Knowledge is power, but being bilingual doesn’t hurt either.
I just recently spent a week in the Dominican Republic on my honeymoon. It was an absolutely amazing place with the bluest ocean I have ever seen. I can’t believe that is the same ocean that I will be visiting on Labor Day weekend at Myrtle Beach. It was a great week. However, since I have been back in the States and I have been thinking about time down there, I started to think about all of the people who spoke more than one language.
I speak a little Spanish, pero solamente un poquito. Am I bilingual? Absolutley not, and neither is my wife especially since she took Latin in high school. However, in the DR you would be hard pressed to find someone who did not speak at least Spanish and English. The Dominicans bounced back and forth between the 2 languages with such ease that I almost thought I could understand Spanish fluently at times.
But what was even more amazing was how many people spoke more than 2 languages. We met multiple employees of the resort that spoke English and Spanish (being bilingual seemed to be a requirement), but also spoke French, Portuguese, German, Russian, and the list goes on. And do not get me started all of the other non-Americans and non-Dominicans who usually spoke Spanish, English, and their native language. To make a long story short, my wife and I felt like the “stupid Americans” from the beginning even with our 3 degrees in education, AP/Ed Spanish Credit (fluency level) accreditation, and backgrounds in ESL education.
Those schools or educational systems are doing something right. Their talent constantly mesmerized me so I often asked many of them about their ability. Everyone I spoke with seemed to really value language as a whole. Learning a second language was not necessarily only a school thing. Instead, learning a second language was a part of their culture. They valued language just as we value money.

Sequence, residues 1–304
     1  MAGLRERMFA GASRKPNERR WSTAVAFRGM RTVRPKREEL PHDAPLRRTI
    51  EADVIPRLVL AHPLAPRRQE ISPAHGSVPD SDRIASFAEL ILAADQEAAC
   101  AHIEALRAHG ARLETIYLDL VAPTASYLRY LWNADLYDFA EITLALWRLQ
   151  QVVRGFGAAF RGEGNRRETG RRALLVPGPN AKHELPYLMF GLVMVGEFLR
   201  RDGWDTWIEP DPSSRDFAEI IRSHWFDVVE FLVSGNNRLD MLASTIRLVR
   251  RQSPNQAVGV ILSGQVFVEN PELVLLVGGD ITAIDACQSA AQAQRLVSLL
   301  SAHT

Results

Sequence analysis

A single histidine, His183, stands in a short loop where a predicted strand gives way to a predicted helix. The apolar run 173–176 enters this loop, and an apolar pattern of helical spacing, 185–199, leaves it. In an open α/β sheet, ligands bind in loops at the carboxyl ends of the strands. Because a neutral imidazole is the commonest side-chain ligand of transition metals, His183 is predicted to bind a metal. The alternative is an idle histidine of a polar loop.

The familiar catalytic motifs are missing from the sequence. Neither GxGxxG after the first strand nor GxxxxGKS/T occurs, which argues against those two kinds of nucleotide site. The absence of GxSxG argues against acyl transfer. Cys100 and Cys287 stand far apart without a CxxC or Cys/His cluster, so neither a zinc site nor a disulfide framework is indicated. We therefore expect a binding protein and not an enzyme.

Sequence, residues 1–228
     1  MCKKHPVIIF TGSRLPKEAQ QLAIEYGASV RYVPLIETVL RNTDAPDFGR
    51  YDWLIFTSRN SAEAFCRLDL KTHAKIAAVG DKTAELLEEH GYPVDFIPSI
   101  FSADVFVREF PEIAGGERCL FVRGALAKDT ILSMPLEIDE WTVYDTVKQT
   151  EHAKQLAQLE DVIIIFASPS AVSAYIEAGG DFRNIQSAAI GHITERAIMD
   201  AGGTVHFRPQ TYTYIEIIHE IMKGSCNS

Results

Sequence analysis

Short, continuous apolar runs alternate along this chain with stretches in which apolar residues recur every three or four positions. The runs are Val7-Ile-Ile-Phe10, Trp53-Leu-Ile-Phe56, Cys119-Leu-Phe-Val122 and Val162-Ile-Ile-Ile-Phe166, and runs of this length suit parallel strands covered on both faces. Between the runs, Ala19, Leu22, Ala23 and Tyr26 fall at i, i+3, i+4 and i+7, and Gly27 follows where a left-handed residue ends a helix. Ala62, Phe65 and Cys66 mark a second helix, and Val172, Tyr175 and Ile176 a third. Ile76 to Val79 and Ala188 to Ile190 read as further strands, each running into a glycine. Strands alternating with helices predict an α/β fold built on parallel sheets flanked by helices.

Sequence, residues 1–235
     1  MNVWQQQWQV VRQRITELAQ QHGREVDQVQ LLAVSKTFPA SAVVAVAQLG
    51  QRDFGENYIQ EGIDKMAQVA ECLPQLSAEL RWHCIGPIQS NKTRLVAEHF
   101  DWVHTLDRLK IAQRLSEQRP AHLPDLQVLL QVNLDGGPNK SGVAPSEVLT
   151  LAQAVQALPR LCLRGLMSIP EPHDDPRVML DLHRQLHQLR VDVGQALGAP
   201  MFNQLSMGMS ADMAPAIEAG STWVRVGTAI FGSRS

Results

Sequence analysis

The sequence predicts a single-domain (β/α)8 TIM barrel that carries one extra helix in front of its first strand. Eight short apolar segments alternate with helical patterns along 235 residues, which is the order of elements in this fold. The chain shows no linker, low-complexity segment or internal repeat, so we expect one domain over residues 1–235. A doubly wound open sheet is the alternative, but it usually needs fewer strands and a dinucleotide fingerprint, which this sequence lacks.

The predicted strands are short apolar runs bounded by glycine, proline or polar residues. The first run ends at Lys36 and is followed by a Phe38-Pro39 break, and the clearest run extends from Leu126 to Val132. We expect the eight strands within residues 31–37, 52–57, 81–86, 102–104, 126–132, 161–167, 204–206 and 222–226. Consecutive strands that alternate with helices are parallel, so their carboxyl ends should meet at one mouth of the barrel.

All of this got me thinking about languages in our school system. Most educational systems (I know mine does) preach the importance of learning a second language to all of their students, but what are we doing to make sure that happens. I know of a few immersion schools where students graduate the 5th grade with the same credentials as any other public school but they are also fluent in Spanish when they move onto 6th grade.
In today’s world, where global exploration and international education are literally at our fingertips, shouldn’t we be more concerned with teaching our students to speak a second language? Shouldn’t we be instilling the value of language into our students? Which is more impressive and more culturally enriching? American students skyping into a Chinese classroom for math and speaking English OR Chinese students skyping into an American classroom for English and contributing to a paedeia seminar on the Scarlett Letter. Many language specialists say that many young Americans never even reach their full intellectual potential because we, as educators, never tap into that particular part of their brain. To me, learning a second language is just as important as anything covered in our curriculum. Just think about it…